In the past two months we've transitioned our 3 older boys from the same school. Our oldest is graduating this year from that place I have loved for 15 years; and our two middles are being homeschooled this year.
In the past two months, our youngest has started preschool with one of the best in the DC Metro Area.
We. Have. Been. Busy!
Over the past two months, training faithfully in the dojo, there is simply one word that sums it all up.
Now that I've found my groove, I'll be getting back into posting more regularly. Thanks for being so patient! The theme of "blessed" is going to carry us through 2018 and hopefully give us a positive kick into next year!
The dojo benefits. Families benefit. Kids have an opportunity to learn something WITH mom or dad. One parent per enrolled child can train FOR FREE at The Forge Dojo, provided that parent attends a minimum of 5 classes per month. Parents benefiting from the Free Parent Plan DO pay the 1-month rate for any month they fail to attend the class minimum, and there are no excused absences for this policy. Sign up for 6 months “free” classes, therefore, and it’s likely that you will pay for one or more of those months because interruptions do arise for work, vacation, illness, etc. If you’re disciplined, however, and dedicated, this can be a VERY affordable way for your family to join.
This unique element of training at The Forge Dojo began one year ago and has been such a blessing. As an adult, there is a priority to find an activity for your child, but that makes it difficult for you to afford your own workout? Here’s your chance! In the future, I foresee some of our stronger adult students will be free parents in this category; also because $110 is a good incentive to keep training regularly. You might even consider taking this on purely BECAUSE it will keep your practices regular and get you into shape. Don’t make this decision lightly, but if you take it with eyes wide open it can be the best decision you make this year.
Note: Parents taking advantage of this opportunity should plan on training in the Adult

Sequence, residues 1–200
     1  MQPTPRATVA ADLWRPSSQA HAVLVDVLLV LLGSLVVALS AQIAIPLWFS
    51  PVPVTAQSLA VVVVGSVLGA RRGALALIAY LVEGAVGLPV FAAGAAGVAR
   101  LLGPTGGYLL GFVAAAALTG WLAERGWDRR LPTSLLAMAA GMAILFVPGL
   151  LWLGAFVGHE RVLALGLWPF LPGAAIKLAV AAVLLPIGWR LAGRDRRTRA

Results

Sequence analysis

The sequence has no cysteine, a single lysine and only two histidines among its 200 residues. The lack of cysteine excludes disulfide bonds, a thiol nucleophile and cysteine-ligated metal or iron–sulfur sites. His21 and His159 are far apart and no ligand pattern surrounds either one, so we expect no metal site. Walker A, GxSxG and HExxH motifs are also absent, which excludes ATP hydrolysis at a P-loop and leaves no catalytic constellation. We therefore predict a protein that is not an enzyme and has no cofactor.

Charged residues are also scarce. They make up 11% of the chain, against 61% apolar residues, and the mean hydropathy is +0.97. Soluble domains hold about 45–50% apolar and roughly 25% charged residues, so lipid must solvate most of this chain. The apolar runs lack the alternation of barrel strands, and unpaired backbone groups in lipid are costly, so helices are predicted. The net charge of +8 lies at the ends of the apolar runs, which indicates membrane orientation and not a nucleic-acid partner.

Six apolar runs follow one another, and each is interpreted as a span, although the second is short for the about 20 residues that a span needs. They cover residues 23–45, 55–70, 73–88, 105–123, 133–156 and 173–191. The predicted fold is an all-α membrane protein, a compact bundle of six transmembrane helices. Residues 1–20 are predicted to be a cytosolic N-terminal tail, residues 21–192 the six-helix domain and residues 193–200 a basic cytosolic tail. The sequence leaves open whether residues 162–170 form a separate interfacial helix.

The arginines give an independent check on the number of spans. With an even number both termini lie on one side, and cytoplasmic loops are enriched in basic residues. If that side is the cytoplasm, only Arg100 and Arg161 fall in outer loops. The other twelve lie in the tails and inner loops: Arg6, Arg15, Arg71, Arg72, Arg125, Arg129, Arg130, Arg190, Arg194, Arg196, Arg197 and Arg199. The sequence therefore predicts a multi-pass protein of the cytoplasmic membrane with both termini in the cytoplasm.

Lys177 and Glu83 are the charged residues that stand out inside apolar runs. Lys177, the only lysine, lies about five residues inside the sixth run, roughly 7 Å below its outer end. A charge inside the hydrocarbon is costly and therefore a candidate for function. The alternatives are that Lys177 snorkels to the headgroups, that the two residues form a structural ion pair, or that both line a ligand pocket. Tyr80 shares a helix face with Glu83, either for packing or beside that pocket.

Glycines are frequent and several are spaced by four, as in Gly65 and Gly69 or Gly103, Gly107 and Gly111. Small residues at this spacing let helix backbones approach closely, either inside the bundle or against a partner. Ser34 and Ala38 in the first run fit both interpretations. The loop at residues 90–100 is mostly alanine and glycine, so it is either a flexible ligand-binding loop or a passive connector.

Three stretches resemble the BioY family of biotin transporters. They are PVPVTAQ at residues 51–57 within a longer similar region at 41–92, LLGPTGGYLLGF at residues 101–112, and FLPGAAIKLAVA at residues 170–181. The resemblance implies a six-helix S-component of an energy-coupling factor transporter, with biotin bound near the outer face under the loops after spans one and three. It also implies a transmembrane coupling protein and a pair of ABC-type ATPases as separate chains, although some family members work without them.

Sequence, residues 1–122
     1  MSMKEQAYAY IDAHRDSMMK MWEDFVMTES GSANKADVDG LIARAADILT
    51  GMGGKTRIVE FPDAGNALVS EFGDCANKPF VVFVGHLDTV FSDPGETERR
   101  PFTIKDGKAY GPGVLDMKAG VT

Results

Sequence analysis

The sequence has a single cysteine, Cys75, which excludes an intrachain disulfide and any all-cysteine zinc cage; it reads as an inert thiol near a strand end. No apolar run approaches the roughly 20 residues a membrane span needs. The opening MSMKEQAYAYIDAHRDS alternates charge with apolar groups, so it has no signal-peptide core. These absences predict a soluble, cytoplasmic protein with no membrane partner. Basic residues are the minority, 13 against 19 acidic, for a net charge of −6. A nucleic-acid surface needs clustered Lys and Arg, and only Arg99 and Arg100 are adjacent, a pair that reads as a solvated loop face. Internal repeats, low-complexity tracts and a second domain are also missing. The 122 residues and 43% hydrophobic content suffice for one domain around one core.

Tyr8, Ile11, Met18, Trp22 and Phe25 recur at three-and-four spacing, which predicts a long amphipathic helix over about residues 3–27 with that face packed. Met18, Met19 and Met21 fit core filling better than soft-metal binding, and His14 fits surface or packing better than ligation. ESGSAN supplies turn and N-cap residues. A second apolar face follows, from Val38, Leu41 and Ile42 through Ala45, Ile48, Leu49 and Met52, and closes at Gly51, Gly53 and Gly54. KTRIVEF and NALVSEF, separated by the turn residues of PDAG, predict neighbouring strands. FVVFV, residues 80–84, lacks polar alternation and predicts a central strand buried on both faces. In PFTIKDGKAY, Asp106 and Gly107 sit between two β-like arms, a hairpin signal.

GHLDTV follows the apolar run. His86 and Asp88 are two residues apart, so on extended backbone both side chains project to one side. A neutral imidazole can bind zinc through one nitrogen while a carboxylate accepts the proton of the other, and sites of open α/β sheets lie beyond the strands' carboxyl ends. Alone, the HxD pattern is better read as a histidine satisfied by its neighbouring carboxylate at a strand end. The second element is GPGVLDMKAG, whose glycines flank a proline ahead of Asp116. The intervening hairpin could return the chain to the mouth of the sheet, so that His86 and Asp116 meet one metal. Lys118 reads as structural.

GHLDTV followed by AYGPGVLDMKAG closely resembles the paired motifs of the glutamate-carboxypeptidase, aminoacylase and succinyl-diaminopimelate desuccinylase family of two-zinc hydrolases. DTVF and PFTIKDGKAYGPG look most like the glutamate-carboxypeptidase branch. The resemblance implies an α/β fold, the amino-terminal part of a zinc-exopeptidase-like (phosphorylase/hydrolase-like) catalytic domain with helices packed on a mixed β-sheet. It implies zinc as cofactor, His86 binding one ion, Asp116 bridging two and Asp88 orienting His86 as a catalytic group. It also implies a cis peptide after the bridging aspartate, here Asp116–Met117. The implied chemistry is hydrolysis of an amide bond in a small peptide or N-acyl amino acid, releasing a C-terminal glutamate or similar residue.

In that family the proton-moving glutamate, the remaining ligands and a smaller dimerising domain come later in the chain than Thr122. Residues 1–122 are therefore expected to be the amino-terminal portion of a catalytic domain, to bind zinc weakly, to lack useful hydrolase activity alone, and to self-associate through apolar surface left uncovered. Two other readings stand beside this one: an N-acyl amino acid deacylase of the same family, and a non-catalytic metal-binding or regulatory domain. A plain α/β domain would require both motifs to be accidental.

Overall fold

Kyokushin class or, with approval from the head instructor, the Teen Kyokushin class.
Around the country, a new school year is ramping up. Some of my friends have already sent their kids back for the 2018-2019 academic year.
This is a busy time of year for sure. The roads are more congested in the morning and afternoon rush hours, and our schedules tend to begin filling up with work obligations or family schedules. This year though, why not try something new?
I know some of my friends out there have considered martial arts for themselves or their kids. Here's your chance to jump right into a great program.
I don't like bragging, but a lot of people have been very happy training in our dojo. I wont share specific reviews or testimonials here, but I do encourage you to check out the reviews on our Facebook page and even here on the website. I'm pretty confident that at least a few of our current students and families may comment on this post:-)
While the Back to School Starter Bundle is only available to new students in our Kids Kyokushin class, do keep in mind that new students (or their parents rather) can participate in our Free Parent Program. Watch out later this week for an update on that program and how it works.
The vast majority of the students at Forge Dojo hear stories of "the old Rockville dojo" and the people that it produced. While lining up to close out Camp Phoenix 2018, I got the idea to gather what's left of us for a group photo.
I've got countless stories about this group. Every single one of them can fight...without question. I would confidently walk into battle with any one of them, but that's not what I love most.
What I love most is that the men and women in this photo, the remnants of the old Rockville dojo, are some of the finest people that I know. More than anything, this group reminds me that budo karate is about perfection of character...taking weak people and making them strong...taking good people and making them great.